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PLoS Comput Biol. 2014 Jul 10;10(7):e1003716. doi: 10.1371/journal.pcbi.1003716. eCollection 2014 Jul.

On the use of human mobility proxies for modeling epidemics.

Author information

1
Computational Epidemiology Laboratory, Institute for Scientific Interchange (ISI), Torino, Italy.
2
Department of Veterinary Science, University of Turin, Torino, Italy.
3
ICTEAM Institute, Université Catholique de Louvain, Louvain-la-Neuve, Belgium.
4
CNRS, UMR5558, F-69622 Villeurbanne, France.
5
Department of Civil and Environmental Engineering, Massachusetts Institute of Technology, Cambridge, Massachusetts, United States of America.
6
Sociology and Economics of Networks and Services Department, Orange Labs, Issy-les-Moulineaux, France.
7
Department of Civil and Environmental Engineering, Massachusetts Institute of Technology, Cambridge, Massachusetts, United States of America; Engineering Systems Division, Massachusetts Institute of Technology, Cambridge, Massachusetts, United States of America.
8
INSERM, U707, Paris, France; UPMC Université Paris 06, Faculté de Médecine Pierre et Marie Curie, UMR S 707, Paris, France; Institute for Scientific Interchange (ISI), Torino, Italy.

Abstract

Human mobility is a key component of large-scale spatial-transmission models of infectious diseases. Correctly modeling and quantifying human mobility is critical for improving epidemic control, but may be hindered by data incompleteness or unavailability. Here we explore the opportunity of using proxies for individual mobility to describe commuting flows and predict the diffusion of an influenza-like-illness epidemic. We consider three European countries and the corresponding commuting networks at different resolution scales, obtained from (i) official census surveys, (ii) proxy mobility data extracted from mobile phone call records, and (iii) the radiation model calibrated with census data. Metapopulation models defined on these countries and integrating the different mobility layers are compared in terms of epidemic observables. We show that commuting networks from mobile phone data capture the empirical commuting patterns well, accounting for more than 87% of the total fluxes. The distributions of commuting fluxes per link from mobile phones and census sources are similar and highly correlated, however a systematic overestimation of commuting traffic in the mobile phone data is observed. This leads to epidemics that spread faster than on census commuting networks, once the mobile phone commuting network is considered in the epidemic model, however preserving to a high degree the order of infection of newly affected locations. Proxies' calibration affects the arrival times' agreement across different models, and the observed topological and traffic discrepancies among mobility sources alter the resulting epidemic invasion patterns. Results also suggest that proxies perform differently in approximating commuting patterns for disease spread at different resolution scales, with the radiation model showing higher accuracy than mobile phone data when the seed is central in the network, the opposite being observed for peripheral locations. Proxies should therefore be chosen in light of the desired accuracy for the epidemic situation under study.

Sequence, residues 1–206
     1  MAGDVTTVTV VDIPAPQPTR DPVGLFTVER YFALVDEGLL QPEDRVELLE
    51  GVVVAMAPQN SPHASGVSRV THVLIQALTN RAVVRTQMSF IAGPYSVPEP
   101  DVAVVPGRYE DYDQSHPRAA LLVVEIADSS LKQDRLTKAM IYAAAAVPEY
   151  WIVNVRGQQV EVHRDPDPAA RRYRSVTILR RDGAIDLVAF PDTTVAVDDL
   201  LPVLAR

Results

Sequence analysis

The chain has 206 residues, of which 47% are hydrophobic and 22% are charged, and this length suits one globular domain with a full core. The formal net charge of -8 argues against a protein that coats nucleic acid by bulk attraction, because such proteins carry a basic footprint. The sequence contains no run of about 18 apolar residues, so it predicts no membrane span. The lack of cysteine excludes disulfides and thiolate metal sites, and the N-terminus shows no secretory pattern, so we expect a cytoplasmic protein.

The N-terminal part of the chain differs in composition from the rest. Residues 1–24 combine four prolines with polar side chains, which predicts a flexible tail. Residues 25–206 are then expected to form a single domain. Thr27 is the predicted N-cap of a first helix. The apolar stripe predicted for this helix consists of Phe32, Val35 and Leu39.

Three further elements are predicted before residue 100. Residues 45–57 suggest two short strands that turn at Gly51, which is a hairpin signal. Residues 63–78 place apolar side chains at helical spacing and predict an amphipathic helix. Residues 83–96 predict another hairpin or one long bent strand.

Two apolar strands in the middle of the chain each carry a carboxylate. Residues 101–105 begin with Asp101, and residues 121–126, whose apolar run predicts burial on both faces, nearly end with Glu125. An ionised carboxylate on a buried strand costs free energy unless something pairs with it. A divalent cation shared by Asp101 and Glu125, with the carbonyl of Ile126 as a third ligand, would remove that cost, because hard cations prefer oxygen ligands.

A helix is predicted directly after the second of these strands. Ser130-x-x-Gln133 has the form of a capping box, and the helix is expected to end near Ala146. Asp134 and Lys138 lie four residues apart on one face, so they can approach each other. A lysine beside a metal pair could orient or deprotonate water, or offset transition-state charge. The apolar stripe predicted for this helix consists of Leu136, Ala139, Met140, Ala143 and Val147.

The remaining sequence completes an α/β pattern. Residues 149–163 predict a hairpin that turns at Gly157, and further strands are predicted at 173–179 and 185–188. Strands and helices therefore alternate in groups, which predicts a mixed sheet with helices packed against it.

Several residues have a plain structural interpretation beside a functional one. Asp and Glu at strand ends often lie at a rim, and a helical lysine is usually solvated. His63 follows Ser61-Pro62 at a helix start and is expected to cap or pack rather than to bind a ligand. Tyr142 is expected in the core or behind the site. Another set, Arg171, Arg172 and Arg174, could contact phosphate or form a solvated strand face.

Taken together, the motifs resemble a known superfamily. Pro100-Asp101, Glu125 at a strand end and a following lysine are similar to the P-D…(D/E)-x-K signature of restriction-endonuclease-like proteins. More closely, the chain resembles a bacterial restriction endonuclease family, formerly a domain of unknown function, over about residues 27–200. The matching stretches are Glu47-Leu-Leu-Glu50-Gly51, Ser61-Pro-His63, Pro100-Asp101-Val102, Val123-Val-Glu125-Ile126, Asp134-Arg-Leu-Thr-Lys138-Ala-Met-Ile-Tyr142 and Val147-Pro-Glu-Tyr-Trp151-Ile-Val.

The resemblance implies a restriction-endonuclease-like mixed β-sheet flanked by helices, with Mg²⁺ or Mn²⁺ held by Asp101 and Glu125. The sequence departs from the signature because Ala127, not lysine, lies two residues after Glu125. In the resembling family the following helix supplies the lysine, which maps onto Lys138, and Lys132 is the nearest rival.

PMID:
25010676
PMCID:
PMC4091706
DOI:
10.1371/journal.pcbi.1003716
[Indexed for MEDLINE]
Free PMC Article

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